Derek Jeter was found guilty of overacting when he was supposedly hit by a pitch — which instant replay showed hitting the handle end of the bat instead of his wrist. Later, Jeter claimed he was just doing his job, which was to get on base any way he can. Fans howled and sports commentators opined, but “selling the umpire” is considered a part of the game’s tradition, and it’s not illegal in a sport that seems to have a fondness for playing loose with the rules.*
Anything for an edge.
Reggie Bush returns the Heisman Trophy, but admits no guilt. USC returns their duplicate, but does nothing to correct the disconnect between showcasing young athletes in order to keep money flowing into the college, telling them they can’t touch any of it until they leave, then wondering why they are tempted by agents and alumni with deep pockets.
Anything to keep the money flowing.
It appears that our political system has been paying attention, now that we have another election season upon us. Every candidate (and their supporting corporations) is competing for attention, but no one seems to see the dishonesty of having a set of “core” beliefs that can shift with the wind; of being against everything without actually making any suggestions themselves. I guess sound bites just have to sound good; they don’t have to make sense in the political game.
Anything to get elected.
I’m not anti-baseball or football, and please don’t confuse me with a Tea Partier, but I’m tired of a system that seems to reward people who work around the rules instead of following them. I’m tired of people who are more concerned with winning than honor. I’m tired of people choosing the easy way over the right way.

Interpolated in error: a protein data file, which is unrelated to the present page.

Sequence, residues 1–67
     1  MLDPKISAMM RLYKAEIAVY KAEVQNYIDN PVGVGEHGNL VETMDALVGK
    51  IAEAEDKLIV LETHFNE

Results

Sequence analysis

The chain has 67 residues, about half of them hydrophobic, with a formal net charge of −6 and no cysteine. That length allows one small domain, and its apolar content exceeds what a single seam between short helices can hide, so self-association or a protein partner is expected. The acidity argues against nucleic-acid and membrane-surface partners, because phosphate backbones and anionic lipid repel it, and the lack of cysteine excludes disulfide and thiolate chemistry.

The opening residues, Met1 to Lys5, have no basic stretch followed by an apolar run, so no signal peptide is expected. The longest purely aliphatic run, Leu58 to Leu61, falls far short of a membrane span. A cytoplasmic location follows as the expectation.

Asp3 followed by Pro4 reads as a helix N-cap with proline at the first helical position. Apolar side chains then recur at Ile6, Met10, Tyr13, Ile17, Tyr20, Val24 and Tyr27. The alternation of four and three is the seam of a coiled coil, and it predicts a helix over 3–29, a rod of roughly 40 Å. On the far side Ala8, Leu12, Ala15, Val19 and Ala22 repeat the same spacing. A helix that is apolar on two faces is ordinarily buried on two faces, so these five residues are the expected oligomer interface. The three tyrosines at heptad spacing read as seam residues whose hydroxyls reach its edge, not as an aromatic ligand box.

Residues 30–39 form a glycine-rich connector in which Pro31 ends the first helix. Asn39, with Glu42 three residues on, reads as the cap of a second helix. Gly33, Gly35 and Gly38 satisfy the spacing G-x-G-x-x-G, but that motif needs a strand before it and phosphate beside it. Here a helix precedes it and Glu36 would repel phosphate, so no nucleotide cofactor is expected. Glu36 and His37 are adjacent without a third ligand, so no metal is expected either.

I’m tired of “anything goes.”
And it seems obvious that most of the country is tired of it as well.
Which is why this is the perfect time for credit unions to step up to the plate and banish all gray areas.
If it doesn’t benefit the member, let’s get rid of it. Let’s show them there is someone they can trust; who will help them make decisions that benefit themselves, not the company’s bottom line.
It’s time for credit unions to show how members working together as a team benefits each person.
Secure, helpful financial services should be available to all, not just an elite few with the deepest pockets. We understand that credit unions are based on people working together — but the general public still doesn’t understand that.
It’s time for credit unions to directly campaign to the American public so that they can freely choose.
If every credit union approached their marketing like a campaign, we would be bragging about all the good things we do for the public. Why shouldn’t a credit union be continually “running for office” like a congressman?
It’s time for credit unions to stand for something better.
Let’s let “anything goes” go.
*(Don’t believe me? Around the 1880s-1890s, players used to run from first to third in a straight line if the umpire wasn’t looking. Throughout the years there have been other shady practices: basemen held or grabbed base runners, pitchers kept grease on their socks so they could “doctor” the ball, the steroid-enhanced accomplishments of the 70s and 80s that everyone knew about but never mentioned, etc.)